Scientists hopeful of spotting gharials in WB stretch of Ganga | dehradun | Hindustan Times
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Scientists hopeful of spotting gharials in WB stretch of Ganga

The WII is conducting studies on aquatic life under the National Mission for Clean Ganga

dehradun Updated: Jan 29, 2018 22:39 IST
Nihi Sharma
Dehradun-based WII has reported rare Siebold’s smooth-scaled water snake in the Ganga between the Bijnor and Kanpur stretch.
Dehradun-based WII has reported rare Siebold’s smooth-scaled water snake in the Ganga between the Bijnor and Kanpur stretch.(HT Photo)

Scientists are hopeful to spot gharials in the Ganga in West Bengal during this monsoon season.

The Wildlife Institute of India (WII) is conducting studies on aquatic life in the river under the National Mission for Clean Ganga (NMCG).

“We are looking forward to its (gharial’s) sighting in Bengal where only one gharial was spotted years ago,” project associate Niladri Dasgupta said during a workshop held here on Monday.

Scientists, experts and stakeholders -- representatives from non-government organisations – participated in the workshop on ‘Biodiversity conservation and Ganga rejuvenation’. The workshop aimed at bringing stakeholders together and sharing the progress of surveys.

“Gharials are peculiar in nature as they are highly narrow in their choices,” Dasgupta said. The species feeds only on fishes unlike its other family members -- mugger and saltwater crocodiles -- and is found in freshwaters.

The species was reported in Hastinapur Wildlife Sanctuary in Uttar Pradesh. Scientists now look to finding new territories of gharials along the Ganga river stretch.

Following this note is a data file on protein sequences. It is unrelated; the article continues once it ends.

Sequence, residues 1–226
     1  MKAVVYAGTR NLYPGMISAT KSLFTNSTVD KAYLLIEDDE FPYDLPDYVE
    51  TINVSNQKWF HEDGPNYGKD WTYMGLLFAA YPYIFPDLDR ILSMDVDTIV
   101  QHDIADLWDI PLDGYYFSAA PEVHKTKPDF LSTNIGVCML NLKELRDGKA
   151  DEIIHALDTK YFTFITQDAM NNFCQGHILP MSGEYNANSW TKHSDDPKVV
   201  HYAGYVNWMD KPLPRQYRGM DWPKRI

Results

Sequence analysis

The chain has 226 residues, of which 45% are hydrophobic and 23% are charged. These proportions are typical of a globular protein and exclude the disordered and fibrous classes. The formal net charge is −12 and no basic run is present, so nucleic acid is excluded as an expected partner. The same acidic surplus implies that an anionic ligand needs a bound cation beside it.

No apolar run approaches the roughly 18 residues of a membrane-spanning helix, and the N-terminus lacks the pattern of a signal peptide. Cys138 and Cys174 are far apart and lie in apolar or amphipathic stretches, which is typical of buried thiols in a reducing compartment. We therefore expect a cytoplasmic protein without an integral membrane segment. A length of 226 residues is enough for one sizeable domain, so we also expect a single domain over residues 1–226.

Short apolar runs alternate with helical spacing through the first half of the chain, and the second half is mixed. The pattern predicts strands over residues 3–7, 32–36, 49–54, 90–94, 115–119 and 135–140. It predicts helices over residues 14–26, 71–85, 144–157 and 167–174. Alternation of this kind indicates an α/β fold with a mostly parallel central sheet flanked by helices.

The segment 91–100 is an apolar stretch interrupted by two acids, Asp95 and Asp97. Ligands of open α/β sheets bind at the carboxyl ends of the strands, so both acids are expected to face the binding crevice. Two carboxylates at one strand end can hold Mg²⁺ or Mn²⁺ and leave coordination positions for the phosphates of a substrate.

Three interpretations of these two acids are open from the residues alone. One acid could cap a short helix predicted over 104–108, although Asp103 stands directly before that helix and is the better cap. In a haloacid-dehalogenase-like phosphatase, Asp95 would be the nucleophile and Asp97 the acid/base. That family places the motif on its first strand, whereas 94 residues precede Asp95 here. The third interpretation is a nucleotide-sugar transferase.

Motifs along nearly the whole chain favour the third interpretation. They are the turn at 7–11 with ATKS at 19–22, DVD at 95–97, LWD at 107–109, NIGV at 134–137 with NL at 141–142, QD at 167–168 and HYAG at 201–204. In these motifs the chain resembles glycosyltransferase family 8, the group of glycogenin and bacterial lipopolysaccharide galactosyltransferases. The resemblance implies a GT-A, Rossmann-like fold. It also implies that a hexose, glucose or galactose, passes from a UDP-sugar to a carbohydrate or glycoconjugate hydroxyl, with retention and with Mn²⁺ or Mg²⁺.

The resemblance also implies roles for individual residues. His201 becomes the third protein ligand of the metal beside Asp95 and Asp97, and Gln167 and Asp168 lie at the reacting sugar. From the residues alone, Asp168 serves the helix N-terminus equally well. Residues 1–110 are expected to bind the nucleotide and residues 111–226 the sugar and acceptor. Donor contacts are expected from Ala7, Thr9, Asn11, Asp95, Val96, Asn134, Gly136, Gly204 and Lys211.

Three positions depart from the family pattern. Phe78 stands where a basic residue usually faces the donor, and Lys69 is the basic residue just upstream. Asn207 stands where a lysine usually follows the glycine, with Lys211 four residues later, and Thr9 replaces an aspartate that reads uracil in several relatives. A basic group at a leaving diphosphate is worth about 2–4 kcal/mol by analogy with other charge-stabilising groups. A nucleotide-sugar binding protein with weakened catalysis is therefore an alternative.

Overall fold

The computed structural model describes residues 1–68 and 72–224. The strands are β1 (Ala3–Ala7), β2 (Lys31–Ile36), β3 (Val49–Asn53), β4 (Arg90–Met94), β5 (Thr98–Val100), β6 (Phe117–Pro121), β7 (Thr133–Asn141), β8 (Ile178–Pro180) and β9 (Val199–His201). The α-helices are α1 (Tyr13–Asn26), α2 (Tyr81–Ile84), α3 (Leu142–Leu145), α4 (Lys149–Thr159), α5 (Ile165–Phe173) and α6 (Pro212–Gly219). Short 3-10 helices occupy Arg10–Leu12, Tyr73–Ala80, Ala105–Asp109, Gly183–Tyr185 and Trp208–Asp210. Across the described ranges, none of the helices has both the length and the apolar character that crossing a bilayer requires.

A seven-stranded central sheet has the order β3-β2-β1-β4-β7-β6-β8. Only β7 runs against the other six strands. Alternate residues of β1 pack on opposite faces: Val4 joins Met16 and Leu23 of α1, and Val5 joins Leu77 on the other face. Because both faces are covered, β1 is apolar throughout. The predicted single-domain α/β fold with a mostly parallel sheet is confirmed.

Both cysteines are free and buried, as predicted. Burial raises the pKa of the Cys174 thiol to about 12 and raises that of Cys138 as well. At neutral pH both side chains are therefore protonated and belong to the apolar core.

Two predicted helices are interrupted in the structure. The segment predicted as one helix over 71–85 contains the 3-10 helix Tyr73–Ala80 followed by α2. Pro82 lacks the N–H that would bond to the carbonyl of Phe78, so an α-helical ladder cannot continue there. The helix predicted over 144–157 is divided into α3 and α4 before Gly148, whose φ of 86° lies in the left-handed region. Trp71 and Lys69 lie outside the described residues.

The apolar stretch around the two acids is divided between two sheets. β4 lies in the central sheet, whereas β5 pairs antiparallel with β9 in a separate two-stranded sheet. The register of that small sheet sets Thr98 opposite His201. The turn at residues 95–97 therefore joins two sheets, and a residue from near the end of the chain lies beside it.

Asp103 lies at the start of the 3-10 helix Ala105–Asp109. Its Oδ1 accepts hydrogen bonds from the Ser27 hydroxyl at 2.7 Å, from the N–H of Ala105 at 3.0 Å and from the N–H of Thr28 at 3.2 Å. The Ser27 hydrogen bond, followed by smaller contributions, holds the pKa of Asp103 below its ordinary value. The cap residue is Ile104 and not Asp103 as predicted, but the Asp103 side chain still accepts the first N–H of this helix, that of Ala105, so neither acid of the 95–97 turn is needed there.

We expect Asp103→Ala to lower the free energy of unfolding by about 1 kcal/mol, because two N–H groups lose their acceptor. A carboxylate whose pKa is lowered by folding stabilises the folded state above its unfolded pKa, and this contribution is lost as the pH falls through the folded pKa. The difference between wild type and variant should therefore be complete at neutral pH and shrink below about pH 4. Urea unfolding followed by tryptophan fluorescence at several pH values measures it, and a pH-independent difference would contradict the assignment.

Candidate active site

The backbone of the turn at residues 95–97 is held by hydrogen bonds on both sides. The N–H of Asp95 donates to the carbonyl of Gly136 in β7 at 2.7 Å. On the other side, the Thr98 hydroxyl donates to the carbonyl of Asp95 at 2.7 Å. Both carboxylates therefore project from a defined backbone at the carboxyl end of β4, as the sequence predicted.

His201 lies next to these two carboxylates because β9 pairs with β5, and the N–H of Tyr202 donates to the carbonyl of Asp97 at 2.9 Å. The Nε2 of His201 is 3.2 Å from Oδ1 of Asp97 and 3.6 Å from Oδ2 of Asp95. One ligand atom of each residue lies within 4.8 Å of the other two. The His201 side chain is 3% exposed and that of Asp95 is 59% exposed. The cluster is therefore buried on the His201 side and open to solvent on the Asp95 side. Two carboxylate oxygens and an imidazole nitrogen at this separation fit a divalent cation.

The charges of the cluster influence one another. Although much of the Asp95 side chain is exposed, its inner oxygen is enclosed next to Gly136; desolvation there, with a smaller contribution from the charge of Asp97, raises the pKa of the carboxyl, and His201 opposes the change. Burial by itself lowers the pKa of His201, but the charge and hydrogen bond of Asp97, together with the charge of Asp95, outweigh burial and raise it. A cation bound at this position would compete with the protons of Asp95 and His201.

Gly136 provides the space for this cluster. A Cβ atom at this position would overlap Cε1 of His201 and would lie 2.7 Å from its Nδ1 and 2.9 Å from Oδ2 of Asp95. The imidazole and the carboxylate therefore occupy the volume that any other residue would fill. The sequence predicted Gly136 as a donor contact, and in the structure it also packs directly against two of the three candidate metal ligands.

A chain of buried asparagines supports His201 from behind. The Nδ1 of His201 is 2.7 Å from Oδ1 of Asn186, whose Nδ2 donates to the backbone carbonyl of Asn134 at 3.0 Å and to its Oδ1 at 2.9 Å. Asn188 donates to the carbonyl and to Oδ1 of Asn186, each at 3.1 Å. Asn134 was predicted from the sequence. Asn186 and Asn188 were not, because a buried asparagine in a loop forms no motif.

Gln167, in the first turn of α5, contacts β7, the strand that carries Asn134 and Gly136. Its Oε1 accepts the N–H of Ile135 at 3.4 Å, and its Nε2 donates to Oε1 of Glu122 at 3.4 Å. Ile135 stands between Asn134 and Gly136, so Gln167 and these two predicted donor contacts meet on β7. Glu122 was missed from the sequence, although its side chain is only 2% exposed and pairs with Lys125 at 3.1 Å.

Experts talked about aquatic life flourishing in the river that stretches across 570 km. Some of the key findings in the initial stages of the studies included presence of Siebold’s smooth-scaled water snake in Uttar Pradesh and 50 Gangetic dolphins in many spots.

In an indication of a healthy aquatic ecosystem, WII reported presence of 13 species of turtles in the river. The key species spotted during the survey were three-striped roofed, black pond, crowned river, Indian flapshell, Indian softshell, Indian roofed, Indian tent and brown roofed turtles.

Scientist Ruchi Badola talked about a cadre of volunteers from five states in which the Ganga flows. “These young volunteers have been named as Ganga Praharis,” Badola said. She appealed to organisations to involve the volunteers in activities related to the clean-Ganga mission.

Participants in the workshop agreed to take up one stretch of the Ganga and make it a model through united efforts by departments and agencies involved.